Trends in diagnosis and treatment for people with dementia in the UK from 2005 to 2015: a longitudinal retrospective cohort study.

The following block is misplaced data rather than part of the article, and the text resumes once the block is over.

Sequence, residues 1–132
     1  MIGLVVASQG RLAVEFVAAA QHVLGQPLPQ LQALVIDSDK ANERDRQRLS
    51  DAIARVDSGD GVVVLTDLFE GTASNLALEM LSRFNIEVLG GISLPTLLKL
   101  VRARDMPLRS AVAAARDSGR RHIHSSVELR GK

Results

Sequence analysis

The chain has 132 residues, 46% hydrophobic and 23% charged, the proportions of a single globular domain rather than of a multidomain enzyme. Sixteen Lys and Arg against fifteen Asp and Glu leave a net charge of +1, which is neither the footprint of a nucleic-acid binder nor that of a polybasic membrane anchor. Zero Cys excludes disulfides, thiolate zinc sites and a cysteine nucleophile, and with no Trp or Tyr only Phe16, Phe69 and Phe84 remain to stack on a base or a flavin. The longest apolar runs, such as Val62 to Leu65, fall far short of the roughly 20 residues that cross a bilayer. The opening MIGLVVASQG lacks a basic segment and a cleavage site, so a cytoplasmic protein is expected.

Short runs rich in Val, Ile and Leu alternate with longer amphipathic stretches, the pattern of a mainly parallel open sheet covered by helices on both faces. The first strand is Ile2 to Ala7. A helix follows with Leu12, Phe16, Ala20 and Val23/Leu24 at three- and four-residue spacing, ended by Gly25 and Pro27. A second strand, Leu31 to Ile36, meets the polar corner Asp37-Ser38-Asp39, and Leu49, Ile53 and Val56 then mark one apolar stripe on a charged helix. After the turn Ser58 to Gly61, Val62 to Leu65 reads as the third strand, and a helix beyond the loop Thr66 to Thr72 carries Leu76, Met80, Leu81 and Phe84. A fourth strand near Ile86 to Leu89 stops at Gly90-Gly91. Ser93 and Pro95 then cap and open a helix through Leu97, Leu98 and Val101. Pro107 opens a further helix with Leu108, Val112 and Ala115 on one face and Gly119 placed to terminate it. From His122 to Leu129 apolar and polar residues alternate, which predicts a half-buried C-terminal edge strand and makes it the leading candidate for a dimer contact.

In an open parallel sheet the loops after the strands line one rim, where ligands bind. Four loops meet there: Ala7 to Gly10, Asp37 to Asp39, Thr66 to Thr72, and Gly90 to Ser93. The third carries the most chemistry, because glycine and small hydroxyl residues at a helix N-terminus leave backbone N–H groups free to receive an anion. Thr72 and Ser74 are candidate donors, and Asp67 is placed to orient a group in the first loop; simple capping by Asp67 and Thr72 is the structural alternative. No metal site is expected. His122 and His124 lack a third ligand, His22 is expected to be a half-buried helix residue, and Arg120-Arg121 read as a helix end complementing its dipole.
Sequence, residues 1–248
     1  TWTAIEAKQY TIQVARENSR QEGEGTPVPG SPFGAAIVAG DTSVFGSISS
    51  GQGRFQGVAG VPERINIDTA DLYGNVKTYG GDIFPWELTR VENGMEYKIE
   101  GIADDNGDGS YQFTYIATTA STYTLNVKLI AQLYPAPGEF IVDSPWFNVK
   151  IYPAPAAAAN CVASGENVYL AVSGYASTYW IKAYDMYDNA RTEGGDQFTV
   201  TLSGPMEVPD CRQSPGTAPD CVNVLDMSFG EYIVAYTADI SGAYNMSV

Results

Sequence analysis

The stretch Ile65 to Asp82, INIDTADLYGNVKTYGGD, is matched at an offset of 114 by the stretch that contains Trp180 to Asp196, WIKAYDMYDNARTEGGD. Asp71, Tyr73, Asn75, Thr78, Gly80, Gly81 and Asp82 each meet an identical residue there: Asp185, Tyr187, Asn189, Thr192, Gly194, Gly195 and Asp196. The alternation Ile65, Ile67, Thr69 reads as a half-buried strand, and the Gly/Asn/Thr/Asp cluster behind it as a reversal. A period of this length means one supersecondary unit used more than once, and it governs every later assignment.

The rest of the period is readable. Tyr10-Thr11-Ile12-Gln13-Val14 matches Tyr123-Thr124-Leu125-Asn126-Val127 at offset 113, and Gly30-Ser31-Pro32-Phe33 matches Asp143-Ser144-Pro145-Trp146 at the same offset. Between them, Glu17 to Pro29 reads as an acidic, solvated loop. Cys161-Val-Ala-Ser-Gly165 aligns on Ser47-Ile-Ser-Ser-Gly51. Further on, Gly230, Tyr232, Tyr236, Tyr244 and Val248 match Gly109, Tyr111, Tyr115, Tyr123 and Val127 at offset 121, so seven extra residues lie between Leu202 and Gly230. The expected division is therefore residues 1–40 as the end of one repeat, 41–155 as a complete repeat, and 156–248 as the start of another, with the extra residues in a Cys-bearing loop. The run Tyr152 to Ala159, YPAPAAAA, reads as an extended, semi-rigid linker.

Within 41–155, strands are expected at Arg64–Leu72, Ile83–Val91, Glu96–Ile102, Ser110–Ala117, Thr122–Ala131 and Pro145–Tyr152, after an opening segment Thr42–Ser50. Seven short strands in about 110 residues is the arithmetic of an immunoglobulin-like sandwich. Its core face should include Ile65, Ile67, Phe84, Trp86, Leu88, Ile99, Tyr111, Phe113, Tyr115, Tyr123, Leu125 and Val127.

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BACKGROUND: The objectives of this study were to describe changes in the proportion of people diagnosed with dementia and the pharmacological treatments prescribed to them over a 10 year period from 2005 to 2015 at a time of UK policy strategies and prioritisation of dementia. We aimed to explore the potential impact of policy on dementia care. METHODS: In this longitudinal retrospective cohort study, we included all patients registered at a Clinical Practice Research Datalink (CPRD) practice between July 1, 2005, and June 30, 2015, with a diagnosis of dementia defined using Read codes. The main outcomes were the number and proportion of acceptable patients, who met the CPRD threshold for data quality, in a GP practice defined by the CPRD as contributing up-to-standard data with a diagnosis of dementia and the number and proportion of these with a prescription for an antidementia or antipsychotic medication. We examined the prevalence of dementia diagnosis and prescribing by calendar quarter, and stratified by age, sex, and UK country (England, Scotland, Wales, or Northern Ireland). We investigated the use of antidementia drugs, alone and in combination, antipsychotics, antidepressants, anxiolytics, and hypnotics. The trend in the proportion of patients with a diagnosis of dementia, before and after the introduction of the UK National Dementia Strategy, was estimated using an interrupted time-series analysis. FINDINGS: 8 966 224 patients were identified in the CPRD whose most recent registration period overlapped the study period. Of these, 128 249 (1·4%) had a diagnosis of dementia before the end of the study period. The proportion of people diagnosed with dementia in the UK doubled from 0·42% (19 635 of 4 640 290 participants) in 2005 to 0·82% (25 925 of 3 159 754 participants) in 2015 (χ2 test for trend, p<0·0001), and the proportion of those who received antidementia medication increased from 15·0% (2942 of 19 635) to 36·3% (9406 of 25 925). The interrupted time-series analysis showed a significant acceleration in the rate of diagnosis of dementia after the introduction of the UK National Dementia Strategy (p<0·0001). There was a large reduction in antipsychotic drug prescription in dementia from 22·1% (4347 of 19 635) in 2005 to 11·4% (2943 of 25 925) by 2015. INTERPRETATION: Over the 10 years studied, there is evidence of a sustained positive change in diagnosis rates of dementia and in the quality of drug treatment provided to those diagnosed. The prescription of antidementia drugs more than doubled and the prescription of potentially hazardous antipsychotics halved after the introduction of national dementia strategies. These data support the formulation and delivery of national policy to improve the quality of care for people with dementia. FUNDING: None.
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